the revolving door of death necessitated by the need to keep characters forever young while also respecting long continuities. Speaking of Green Lantern, Janice and I enjoyed the direct-to-DVD Green Lantern: First Flight this past weekend. It covers some of the same territory as the recent Justice League: New Frontier but is more of a police procedural in space.

I’ve blogged before about the often-confusing or lackluster storylines in DC’s team books, but I hope that the latest roster updates of the Justice League, Justice Society, and Teen Titans will get them back to being the world’s finest superheroes. Over at Marvel, I’ve
stopped following the three Avengers teams and numerous X-Men, but Spider-Man 600 did a good job of merging Silver Age nostalgia with an update on what’s going on in Peter Parker’s life now. Captain America is still my favorite Marvel title right now, as Steve Rogers returns to wear the red, white, and blue.

The Batman family of titles has been among my favorites lately, with strong art and
writing on Detective Comics, even without Bruce Wayne as the Dark Knight. I haven’t been following Superman as closely, but I’m glad to see epic storylines and art inspired by the late Christopher Reeve. I’ve also been watching the Kirk Alyn serials from the late 1940s on DVD. DC’s Wednesday Comics have continued to impress me, even though, as with any anthology, some features (Teen Titans, Wonder Woman) are weaker than others (Batman, Flash, Green Lantern, Kamandi). On balance, I’ve been enjoying the experiment.

Speaking of avant-garde storytelling, I look forward to Volume 3 of Umbrella Academy, Gerard Way‘s postmodern fever dream that turns the conventions of costumed vigilantes on
their heads. A dysfunctional family of foundlings, raised by an alien and a
robot, fights itself and reality. The latest ongoing Doctor Who title got off to a decent start.

Manga (originally Japanese comics, in a more compact format) seems to have peaked in
popularity, with bookstores across the U.S. tightening their shelf space offering it. However, that’s still a wider distribution network than the direct market of specialty comic book shops, and manga did draw many younger, female readers. I hope that, like the upcoming live-action adaptation, the Avatar: the Last Airbender manga does justice
to Nickelodeon’s fantasy television series.

Coming soon: Games and travel!

Comics Wednesday, July 2009

Justice League Unlimited

Friends, please note that my blog is no longer available at Yahoo 360. You can find it at MySpace.com or under my “edemaitre” Yahoo Profile. As promised, here are some of my thoughts on recent comic books.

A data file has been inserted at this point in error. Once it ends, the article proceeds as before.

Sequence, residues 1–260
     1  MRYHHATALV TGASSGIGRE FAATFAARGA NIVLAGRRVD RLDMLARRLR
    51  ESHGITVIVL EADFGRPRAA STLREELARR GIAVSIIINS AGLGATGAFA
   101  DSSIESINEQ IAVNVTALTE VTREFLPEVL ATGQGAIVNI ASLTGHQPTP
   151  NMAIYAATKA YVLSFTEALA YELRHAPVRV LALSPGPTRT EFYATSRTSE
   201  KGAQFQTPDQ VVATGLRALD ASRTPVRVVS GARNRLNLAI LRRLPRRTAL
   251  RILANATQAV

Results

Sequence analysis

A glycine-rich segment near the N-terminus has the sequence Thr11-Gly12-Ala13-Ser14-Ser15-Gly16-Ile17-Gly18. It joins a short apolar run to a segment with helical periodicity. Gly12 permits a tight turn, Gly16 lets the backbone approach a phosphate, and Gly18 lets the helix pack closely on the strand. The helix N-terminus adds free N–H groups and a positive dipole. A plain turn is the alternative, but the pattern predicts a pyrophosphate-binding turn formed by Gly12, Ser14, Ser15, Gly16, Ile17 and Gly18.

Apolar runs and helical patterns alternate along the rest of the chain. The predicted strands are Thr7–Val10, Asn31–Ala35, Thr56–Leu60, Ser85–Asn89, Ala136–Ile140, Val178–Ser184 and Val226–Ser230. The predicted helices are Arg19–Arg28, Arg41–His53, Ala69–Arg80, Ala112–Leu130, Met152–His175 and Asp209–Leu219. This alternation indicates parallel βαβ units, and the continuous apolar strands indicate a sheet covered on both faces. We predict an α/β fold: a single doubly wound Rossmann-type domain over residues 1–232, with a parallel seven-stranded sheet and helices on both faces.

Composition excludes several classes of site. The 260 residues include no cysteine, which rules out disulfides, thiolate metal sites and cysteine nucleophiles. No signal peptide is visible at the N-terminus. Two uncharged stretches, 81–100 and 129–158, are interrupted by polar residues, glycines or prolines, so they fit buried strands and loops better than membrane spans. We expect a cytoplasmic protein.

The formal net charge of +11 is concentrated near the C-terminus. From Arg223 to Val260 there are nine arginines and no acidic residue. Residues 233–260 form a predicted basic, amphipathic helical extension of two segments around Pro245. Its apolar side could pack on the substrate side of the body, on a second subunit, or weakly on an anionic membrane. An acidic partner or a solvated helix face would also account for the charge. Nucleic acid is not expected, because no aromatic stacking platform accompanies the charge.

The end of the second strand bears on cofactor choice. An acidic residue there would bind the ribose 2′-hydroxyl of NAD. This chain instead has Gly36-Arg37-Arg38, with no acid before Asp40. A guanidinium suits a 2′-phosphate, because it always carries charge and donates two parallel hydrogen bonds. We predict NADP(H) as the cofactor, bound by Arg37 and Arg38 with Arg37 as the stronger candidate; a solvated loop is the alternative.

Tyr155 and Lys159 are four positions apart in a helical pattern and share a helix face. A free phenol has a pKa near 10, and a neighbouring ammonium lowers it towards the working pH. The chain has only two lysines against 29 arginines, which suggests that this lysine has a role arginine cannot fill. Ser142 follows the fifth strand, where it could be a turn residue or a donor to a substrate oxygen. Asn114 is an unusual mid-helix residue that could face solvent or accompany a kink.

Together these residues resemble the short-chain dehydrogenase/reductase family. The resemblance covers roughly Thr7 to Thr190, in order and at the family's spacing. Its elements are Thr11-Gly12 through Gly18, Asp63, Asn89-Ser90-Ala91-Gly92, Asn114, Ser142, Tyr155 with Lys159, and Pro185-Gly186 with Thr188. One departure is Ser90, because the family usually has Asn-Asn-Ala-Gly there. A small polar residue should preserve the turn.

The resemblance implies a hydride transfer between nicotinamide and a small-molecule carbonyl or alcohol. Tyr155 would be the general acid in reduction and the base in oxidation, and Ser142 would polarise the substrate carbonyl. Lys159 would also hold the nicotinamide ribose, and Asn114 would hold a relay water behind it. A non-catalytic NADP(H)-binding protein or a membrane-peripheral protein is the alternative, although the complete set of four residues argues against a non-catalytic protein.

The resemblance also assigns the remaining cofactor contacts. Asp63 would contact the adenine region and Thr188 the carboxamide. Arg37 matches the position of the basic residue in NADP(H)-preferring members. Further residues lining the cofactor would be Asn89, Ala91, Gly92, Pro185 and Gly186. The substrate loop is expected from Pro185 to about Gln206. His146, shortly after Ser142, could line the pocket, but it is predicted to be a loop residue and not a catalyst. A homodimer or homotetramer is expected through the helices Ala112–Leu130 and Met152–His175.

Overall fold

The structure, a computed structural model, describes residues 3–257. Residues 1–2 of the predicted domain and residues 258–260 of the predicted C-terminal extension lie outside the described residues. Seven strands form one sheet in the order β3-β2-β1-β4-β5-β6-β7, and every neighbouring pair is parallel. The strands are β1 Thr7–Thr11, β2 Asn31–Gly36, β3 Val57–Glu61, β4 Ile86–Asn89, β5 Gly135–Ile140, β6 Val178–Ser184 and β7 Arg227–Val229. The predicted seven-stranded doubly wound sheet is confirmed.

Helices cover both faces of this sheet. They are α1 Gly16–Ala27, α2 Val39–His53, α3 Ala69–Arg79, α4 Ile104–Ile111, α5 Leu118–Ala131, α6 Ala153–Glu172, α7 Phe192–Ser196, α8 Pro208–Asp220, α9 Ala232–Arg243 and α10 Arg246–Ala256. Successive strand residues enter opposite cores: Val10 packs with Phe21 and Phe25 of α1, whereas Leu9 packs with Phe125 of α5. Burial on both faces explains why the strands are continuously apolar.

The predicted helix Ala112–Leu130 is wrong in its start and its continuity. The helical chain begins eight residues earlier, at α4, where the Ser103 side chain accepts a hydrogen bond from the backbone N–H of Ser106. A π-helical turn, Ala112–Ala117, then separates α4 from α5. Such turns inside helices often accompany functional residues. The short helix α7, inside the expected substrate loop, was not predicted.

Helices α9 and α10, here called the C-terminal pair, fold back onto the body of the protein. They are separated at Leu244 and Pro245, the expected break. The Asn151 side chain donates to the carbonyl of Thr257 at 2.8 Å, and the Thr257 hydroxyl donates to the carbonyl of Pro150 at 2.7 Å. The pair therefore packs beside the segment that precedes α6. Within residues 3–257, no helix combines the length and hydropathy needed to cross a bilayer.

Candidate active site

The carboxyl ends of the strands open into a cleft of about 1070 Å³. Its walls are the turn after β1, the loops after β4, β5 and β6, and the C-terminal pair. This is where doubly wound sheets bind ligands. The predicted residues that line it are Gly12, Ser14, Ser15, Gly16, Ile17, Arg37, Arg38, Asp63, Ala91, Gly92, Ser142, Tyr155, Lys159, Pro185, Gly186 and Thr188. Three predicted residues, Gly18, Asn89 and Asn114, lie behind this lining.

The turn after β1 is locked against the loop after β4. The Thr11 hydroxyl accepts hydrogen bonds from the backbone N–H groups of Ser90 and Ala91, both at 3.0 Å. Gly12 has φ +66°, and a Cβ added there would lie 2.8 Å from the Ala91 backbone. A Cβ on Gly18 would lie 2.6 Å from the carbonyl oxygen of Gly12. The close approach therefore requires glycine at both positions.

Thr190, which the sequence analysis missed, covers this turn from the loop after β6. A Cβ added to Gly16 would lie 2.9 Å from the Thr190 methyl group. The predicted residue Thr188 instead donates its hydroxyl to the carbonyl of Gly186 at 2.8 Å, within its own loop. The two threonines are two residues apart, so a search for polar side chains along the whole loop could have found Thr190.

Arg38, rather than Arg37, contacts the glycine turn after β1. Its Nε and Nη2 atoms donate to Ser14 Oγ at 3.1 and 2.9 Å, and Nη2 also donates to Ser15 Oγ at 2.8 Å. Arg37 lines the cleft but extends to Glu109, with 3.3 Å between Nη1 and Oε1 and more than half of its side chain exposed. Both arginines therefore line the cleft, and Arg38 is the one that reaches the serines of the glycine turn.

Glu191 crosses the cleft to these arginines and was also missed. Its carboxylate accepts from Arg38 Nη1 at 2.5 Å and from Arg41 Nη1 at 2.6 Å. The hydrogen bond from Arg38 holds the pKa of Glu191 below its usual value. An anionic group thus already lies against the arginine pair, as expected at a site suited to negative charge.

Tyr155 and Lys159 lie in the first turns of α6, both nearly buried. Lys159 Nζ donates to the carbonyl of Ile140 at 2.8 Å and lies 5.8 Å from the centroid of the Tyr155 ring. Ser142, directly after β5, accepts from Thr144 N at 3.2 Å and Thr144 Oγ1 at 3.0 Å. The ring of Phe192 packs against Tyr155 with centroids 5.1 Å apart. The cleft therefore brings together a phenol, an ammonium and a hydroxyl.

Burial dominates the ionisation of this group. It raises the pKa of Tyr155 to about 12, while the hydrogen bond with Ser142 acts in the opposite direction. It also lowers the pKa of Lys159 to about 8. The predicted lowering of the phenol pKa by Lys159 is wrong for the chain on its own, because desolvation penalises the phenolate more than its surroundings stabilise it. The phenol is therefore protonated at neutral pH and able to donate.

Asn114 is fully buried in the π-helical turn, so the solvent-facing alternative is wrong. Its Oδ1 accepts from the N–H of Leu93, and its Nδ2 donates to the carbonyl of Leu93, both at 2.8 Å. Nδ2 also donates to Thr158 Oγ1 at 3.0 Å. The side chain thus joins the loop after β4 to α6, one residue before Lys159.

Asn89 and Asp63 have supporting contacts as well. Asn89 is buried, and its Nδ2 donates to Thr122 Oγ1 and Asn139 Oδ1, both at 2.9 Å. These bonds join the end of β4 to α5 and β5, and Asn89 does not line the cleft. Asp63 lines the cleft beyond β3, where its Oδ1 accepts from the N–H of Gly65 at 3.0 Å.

As I mentioned in my previous posting, the San Diego Comic-Con is this week. While I
haven’t yet made the hajj to the largest annual genre/popular culture event in the U.S., I have closely followed coverage of it for the past few years. Movies, comic books and graphic novels, action figures, television shows, games, and more are announced or previewed at this convention. I hope to get to smaller shows here in the Boston area, such as November’s Super MegaFest.

In the meantime, I’ve been enjoying DC’s Wednesday Comics, a 12-issue experiment in weekly comics on tabloid newsprint. The quality of the writing varies, but the art is
impressive
, and it reminds me of lying on the floor reading Prince Valiant in the Sunday funnies.

DC‘s big summer storyline crossing over several titles is Green Lantern: Blackest Night, which addresses the temporary nature of death among costumed superheroes (and villains). Although I don’t plan to spend even more on comics than I do now, it has gotten good reviews so far.

I have continued picking up the Batman family of titles, as Bruce Wayne is presumed dead and former Robin/Nightwing Dick Grayson has taken up the mantle. I wasn’t a big fan of Grant Morrison’s trippy run, but he, Paul Dini, and company have upped their game with the creative freedom granted by the temporary change in lead characters.

Similarly, Marvel Comics is winding down its run of Bucky Barnes as Captain America with the imminent return of Steve Rogers. Unlike the regular shakeups for Superman, Spider-Man, or the X-Men, Rogers has been gone for a few years now of continuity (fictional history), and the espionage/thriller tone of his title remains engaging. I’ve been avoiding most team-based Marvel and DC books lately because of overly convoluted continuities and gimmicky crossovers designed to sell more issues.

Speaking of alternate histories, I’m still catching up on collected editions. I’ve recently read Dark Horse’s convenient omnibuses of Star Wars and Indiana Jones, and I look forward to getting to the next installment of the steampunk The League of Extraordinary Gentlemen (not the weak movie adaptation), the metahuman procedural Powers, and the political Ex Machina. Dynamite, which I’ve praised previously for its handling of licensed properties such as Buck Rogers, will also be handling the next batch of Stargate comics.

Typically, fiction is adapted from print to television or movie, but in the case of Nickelodeon’s excellent Avatar: the Last Airbender, a fantasy cartoon is being adapted to a live-action film series directed by M. Night Shyamalan. Last Airbender shouldn’t be confused with James Cameron’s upcoming science fiction movie Avatar.

The first previews and still photos of the young cast have appeared online. I sympathize with those who feel that Last Airbender should have had more actors of Asian descent in its cast, I’m cautiously optimistic. We’ll have to wait and see whether planned movie reboots such as Teenaged Mutant Ninja Turtles, Astro Boy, and Green Hornet are closer to Watchmen or to Dragonball in quality.